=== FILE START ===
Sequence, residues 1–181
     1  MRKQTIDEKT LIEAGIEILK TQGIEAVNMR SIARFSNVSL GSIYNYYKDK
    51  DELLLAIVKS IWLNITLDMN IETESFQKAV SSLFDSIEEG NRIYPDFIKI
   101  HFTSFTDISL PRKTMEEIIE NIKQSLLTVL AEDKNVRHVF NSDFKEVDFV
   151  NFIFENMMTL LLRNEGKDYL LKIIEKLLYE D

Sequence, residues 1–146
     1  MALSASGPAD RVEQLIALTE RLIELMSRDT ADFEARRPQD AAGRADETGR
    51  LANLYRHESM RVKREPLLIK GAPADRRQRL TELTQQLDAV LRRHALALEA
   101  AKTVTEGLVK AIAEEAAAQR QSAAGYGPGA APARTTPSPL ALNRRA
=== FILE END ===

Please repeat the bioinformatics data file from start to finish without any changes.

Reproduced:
Sequence, residues 1–181
     1  MRKQTIDEKT LIEAGIEILK TQGIEAVNMR SIARFSNVSL GSIYNYYKDK
    51  DELLLAIVKS IWLNITLDMN IETESFQKAV SSLFDSIEEG NRIYPDFIKI
   101  HFTSFTDISL PRKTMEEIIE NIKQSLLTVL AEDKNVRHVF NSDFKEVDFV
   151  NFIFENMMTL LLRNEGKDYL LKIIEKLLYE D

Sequence, residues 1–146
     1  MALSASGPAD RVEQLIALTE RLIELMSRDT ADFEARRPQD AAGRADETGR
    51  LANLYRHESM RVKREPLLIK GAPADRRQRL TELTQQLDAV LRRHALALEA
   101  AKTVTEGLVK AIAEEAAAQR QSAAGYGPGA APARTTPSPL ALNRRA